In name alone, the term “soft skills” doesn’t exactly emit the feeling of high priority.
Those skills don’t really get the respect they need. One goal I never was able to accomplish in healthcare consulting was to erase the phrase “soft skills” and replace it with something that would get them the attention they deserve.
It is confusing why skills such as communication, courtesy, flexibility, integrity, interpersonal skills, positive attitude, professionalism, responsibility, teamwork and work ethic are labeled “soft skills.” (Those 10 were compiled as the top 10 soft skills for business executives by Eastern Kentucky University.)
“Soft skills” are not “easy” or “less important.” Over the years the perception has become that their importance lags behind “hard skills” — skills defined as necessary for career development. “Hard skills” were defined as measurable and quantifiable based on a person’s education and work experience. The ability to operate machinery would be considered a hard skill; a person’s work ethic, sense of teamwork and professionalism, are the soft skills.
What happens when the sole focus is on hard skills? Perhaps an employee may be described as very good … except no one wants to work with them. Another example would be an employee who is great technically, but they come in late often and miss too much work. Many people have given me an example like this, asking, “What do you do with a good employee who just struggles with deadlines?”
My advice is to quit calling them a good employee.
Years ago, I was introduced to speak to an organization that was not achieving some very important customer goals.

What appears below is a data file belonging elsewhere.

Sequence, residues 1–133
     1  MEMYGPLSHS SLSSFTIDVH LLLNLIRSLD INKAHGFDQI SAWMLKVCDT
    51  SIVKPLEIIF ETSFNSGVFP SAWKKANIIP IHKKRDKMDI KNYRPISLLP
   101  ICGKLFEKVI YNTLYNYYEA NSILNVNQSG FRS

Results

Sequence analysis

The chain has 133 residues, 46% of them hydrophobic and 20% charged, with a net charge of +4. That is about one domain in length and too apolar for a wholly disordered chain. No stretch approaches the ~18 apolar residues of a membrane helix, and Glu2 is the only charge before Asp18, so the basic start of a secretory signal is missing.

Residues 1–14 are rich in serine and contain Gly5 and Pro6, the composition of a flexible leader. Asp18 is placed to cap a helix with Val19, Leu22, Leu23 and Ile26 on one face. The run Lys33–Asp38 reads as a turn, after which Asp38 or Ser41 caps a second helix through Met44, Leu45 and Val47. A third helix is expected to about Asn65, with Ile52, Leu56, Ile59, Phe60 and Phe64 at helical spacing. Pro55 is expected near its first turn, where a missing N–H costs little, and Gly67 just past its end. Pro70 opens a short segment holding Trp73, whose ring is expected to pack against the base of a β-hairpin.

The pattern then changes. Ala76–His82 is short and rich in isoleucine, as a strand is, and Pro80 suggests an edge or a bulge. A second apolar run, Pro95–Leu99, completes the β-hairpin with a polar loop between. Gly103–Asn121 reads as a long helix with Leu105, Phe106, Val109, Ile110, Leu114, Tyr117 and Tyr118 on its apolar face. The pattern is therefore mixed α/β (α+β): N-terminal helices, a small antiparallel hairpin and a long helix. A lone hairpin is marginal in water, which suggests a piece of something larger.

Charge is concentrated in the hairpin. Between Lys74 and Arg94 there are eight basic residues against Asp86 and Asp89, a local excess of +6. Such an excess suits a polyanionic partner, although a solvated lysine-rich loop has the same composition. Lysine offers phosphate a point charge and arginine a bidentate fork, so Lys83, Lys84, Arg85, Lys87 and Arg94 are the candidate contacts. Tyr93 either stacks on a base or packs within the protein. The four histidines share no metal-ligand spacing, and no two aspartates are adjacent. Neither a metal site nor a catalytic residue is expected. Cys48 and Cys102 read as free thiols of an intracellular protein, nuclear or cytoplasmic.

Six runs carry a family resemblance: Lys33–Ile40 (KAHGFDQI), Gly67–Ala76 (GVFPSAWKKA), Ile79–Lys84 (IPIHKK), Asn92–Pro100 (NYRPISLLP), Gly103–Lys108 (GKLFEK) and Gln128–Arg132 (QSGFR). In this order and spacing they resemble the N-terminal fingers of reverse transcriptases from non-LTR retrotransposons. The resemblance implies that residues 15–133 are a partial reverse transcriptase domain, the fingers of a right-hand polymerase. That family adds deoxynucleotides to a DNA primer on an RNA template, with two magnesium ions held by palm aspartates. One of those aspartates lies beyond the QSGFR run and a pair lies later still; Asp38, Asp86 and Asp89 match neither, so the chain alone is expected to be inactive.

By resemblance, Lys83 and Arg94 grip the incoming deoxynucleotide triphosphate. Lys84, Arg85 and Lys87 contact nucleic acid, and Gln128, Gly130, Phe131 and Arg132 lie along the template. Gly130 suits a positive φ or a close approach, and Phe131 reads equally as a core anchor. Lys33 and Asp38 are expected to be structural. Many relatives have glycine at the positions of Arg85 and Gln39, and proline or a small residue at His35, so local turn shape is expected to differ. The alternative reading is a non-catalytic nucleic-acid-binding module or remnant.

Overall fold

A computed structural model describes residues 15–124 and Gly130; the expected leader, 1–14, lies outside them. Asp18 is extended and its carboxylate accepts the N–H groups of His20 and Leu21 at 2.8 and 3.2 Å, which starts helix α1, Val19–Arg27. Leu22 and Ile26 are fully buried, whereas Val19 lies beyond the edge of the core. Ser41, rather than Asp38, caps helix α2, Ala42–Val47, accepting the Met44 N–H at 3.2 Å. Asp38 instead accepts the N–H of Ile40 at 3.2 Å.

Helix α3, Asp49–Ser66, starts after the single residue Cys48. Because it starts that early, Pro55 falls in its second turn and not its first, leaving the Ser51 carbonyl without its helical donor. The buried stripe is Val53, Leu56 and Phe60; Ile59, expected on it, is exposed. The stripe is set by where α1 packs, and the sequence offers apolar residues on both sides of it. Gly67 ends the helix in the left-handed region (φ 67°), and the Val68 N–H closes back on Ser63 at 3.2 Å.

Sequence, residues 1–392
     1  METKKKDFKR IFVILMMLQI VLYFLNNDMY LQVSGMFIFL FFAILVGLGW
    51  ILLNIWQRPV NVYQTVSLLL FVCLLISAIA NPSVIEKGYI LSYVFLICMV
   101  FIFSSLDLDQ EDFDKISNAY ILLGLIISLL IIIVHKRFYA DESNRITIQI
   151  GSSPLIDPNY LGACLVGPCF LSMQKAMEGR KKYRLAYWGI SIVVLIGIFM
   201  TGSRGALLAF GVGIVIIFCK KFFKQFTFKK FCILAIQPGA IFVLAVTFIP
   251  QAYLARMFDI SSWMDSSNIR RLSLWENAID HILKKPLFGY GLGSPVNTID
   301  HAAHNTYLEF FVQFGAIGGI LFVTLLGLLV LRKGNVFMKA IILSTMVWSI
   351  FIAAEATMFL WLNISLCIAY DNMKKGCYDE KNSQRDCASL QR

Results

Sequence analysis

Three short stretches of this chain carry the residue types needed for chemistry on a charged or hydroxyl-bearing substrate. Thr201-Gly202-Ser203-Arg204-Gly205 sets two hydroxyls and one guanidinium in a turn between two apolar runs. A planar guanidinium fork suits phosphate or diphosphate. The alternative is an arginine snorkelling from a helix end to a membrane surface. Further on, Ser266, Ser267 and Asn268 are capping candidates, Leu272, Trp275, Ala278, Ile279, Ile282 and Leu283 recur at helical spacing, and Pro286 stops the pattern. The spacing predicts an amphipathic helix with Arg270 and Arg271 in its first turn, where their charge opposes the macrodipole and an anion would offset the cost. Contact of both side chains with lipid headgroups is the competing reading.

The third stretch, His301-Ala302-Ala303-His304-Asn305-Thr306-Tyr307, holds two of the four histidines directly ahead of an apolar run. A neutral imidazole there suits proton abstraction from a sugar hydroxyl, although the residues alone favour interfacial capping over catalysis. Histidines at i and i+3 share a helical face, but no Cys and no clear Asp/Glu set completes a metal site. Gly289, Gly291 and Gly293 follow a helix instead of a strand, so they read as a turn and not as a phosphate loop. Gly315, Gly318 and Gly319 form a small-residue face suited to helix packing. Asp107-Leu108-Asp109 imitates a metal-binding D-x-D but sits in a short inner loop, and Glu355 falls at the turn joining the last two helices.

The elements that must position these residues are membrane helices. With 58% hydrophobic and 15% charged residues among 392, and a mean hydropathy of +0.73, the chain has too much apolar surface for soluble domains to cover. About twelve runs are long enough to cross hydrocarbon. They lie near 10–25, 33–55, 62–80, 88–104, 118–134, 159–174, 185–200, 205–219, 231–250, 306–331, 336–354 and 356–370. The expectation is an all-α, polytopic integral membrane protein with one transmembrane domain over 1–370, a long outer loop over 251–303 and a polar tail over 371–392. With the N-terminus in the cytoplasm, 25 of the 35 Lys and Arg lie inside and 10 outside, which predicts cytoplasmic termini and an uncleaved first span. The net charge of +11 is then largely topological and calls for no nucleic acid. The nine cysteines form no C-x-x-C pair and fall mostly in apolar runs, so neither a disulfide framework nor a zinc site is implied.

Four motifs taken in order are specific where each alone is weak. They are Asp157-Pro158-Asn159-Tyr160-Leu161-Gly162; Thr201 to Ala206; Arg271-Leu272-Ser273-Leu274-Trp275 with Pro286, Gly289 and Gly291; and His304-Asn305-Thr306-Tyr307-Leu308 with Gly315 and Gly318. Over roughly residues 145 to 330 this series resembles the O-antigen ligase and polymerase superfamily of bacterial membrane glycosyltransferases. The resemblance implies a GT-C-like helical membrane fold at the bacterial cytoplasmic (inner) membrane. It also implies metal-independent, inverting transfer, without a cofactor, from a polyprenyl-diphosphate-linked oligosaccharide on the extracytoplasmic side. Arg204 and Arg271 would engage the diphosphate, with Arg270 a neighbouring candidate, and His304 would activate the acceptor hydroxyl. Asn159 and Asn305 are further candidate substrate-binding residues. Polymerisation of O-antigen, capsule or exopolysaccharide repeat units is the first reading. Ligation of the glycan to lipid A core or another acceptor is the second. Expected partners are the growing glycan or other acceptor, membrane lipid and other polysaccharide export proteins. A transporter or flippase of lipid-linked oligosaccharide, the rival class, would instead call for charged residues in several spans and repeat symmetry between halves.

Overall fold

“Quint is here to talk about soft skills,” the senior executive said.
I opened by asking why they’re called soft skills when they are so darn hard. Many top executives lack strength in soft skills, so maybe downplaying soft skills as unimportant allows people to rationalize their own difficulty with using them.
A study by Harvard University noted that 80 percent of achievements in a career are determined by soft skills and only 20 percent come via hard skills. Studies by Stanford Research Institute and the Carnegie Mellon Foundation of 500 CEO’s established that 75 percent of long-term job success resulted from soft skills and only 25 percent came from technical skills.
So, I’ve explained the misconception. So here are some tips on soft skills:
— Let’s change the term “soft skills” to “vital skills.” In my opinion, that is what they are.
— Make “soft skills” part of the fabric of your business. In your workplace, take those 10 soft skills listed above and make sure they are included in the employee handbook. Make sure they are part of the interviewing process for new hires and are included in the values identified and detailed in the company’s standards of performance or behavior.
— Include these skills in job descriptions. Most job descriptions are long on technical skills and short on items like teamwork, communication, flexibility, etc.
— Make it clear to all employees (starting at the top) that these vital skills are not optional. Don’t think because you’re technically great that means you can disrespect people, not be a good team player, etc.
— Acknowledge that all skills are important with some being more vital for some jobs than others. Obviously, some such as communication, teamwork, integrity, etc. are nonnegotiable.
— Recognize. Make sure you’re pointing out those vital skills as much as technical skills are recognized.
Only when “soft skills” are no longer seen as soft, easy or less important will a person and an organization achieve high performance.